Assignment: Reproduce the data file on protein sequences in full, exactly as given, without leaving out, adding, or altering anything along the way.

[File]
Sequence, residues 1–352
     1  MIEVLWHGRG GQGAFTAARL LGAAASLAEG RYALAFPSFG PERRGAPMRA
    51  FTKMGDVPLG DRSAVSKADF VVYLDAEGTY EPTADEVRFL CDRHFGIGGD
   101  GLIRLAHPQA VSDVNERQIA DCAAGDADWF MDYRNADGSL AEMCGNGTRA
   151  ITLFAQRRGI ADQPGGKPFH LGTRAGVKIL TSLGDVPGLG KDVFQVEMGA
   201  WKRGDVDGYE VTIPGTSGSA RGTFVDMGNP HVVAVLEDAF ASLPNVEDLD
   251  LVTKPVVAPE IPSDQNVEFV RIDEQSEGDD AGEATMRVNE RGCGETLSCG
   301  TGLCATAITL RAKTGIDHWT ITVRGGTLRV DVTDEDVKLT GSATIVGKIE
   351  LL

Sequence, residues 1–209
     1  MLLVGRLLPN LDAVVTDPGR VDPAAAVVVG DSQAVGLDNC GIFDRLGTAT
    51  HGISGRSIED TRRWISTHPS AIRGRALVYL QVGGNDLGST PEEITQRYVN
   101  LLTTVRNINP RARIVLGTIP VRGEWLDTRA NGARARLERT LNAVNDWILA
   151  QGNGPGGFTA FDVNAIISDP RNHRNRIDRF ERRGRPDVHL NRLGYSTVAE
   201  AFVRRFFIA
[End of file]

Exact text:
Sequence, residues 1–352
     1  MIEVLWHGRG GQGAFTAARL LGAAASLAEG RYALAFPSFG PERRGAPMRA
    51  FTKMGDVPLG DRSAVSKADF VVYLDAEGTY EPTADEVRFL CDRHFGIGGD
   101  GLIRLAHPQA VSDVNERQIA DCAAGDADWF MDYRNADGSL AEMCGNGTRA
   151  ITLFAQRRGI ADQPGGKPFH LGTRAGVKIL TSLGDVPGLG KDVFQVEMGA
   201  WKRGDVDGYE VTIPGTSGSA RGTFVDMGNP HVVAVLEDAF ASLPNVEDLD
   251  LVTKPVVAPE IPSDQNVEFV RIDEQSEGDD AGEATMRVNE RGCGETLSCG
   301  TGLCATAITL RAKTGIDHWT ITVRGGTLRV DVTDEDVKLT GSATIVGKIE
   351  LL

Sequence, residues 1–209
     1  MLLVGRLLPN LDAVVTDPGR VDPAAAVVVG DSQAVGLDNC GIFDRLGTAT
    51  HGISGRSIED TRRWISTHPS AIRGRALVYL QVGGNDLGST PEEITQRYVN
   101  LLTTVRNINP RARIVLGTIP VRGEWLDTRA NGARARLERT LNAVNDWILA
   151  QGNGPGGFTA FDVNAIISDP RNHRNRIDRF ERRGRPDVHL NRLGYSTVAE
   201  AFVRRFFIA